The physical patchwork quilt is comprised of 4" squares with the letters DEMOCRACY in white blocks superimposed and "hanging" by threads from a clothesline superimposed across the top. If you were at League Day, on January 6, 2022, you may remember that we had a clothesline strung in the Library to which people pinned fabric squares on which they had written messages (Fair maps, Hear my Voice, My vote counts, etc.) with fabric pens. We continued to collect quilt squares through September 2023. The quilt top was displayed in progress to keep the issue of representation before us. The finished physical quilt will continue to be displayed until we actually have a more equitable process in place for redistricting; we will certainly continue to display it until we achieve democratic representation in Indiana.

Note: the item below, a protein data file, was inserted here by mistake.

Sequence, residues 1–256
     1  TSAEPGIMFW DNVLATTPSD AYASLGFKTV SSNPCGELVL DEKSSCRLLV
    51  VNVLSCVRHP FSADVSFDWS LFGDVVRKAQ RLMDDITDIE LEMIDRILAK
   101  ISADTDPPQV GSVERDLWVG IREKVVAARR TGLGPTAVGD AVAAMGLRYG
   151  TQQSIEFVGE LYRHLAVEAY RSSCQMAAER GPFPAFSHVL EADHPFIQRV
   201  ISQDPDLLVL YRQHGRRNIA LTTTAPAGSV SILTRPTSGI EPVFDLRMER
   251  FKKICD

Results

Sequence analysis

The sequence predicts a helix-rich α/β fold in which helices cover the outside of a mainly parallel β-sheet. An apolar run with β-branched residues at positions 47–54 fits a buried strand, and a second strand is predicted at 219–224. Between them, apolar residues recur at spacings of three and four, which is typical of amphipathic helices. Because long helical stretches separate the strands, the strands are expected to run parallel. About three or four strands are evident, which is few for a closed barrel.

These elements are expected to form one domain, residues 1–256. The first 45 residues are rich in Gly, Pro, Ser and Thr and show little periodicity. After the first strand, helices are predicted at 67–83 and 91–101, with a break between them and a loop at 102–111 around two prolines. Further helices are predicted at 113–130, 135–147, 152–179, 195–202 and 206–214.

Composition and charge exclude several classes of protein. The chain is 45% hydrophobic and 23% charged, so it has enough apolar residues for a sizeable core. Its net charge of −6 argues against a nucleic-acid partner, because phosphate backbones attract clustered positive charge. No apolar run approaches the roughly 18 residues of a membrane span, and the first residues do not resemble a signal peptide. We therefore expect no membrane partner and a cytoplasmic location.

“Hanging by a thread” seems to apply in a larger context to the necessity for expanding voting participation in primaries as well as the general elections--to register to vote, to move to action, to get voices heard, to make changes in our communities--to motivate people to do something! But it is applicable beyond redistricting efforts.

The suppressed vote in Indiana caused just by gerrymandering (lack of competition leading to voters' belief their votes are irrelevant) contributes to a true lack of representation and a lack of accountability.

Our focus with this Democracy Quilt is fair and responsive representation.

Linda Hanson, LWVIN President


Profiles of lesser-known heroines in the fight for women's rights

Samira Azzam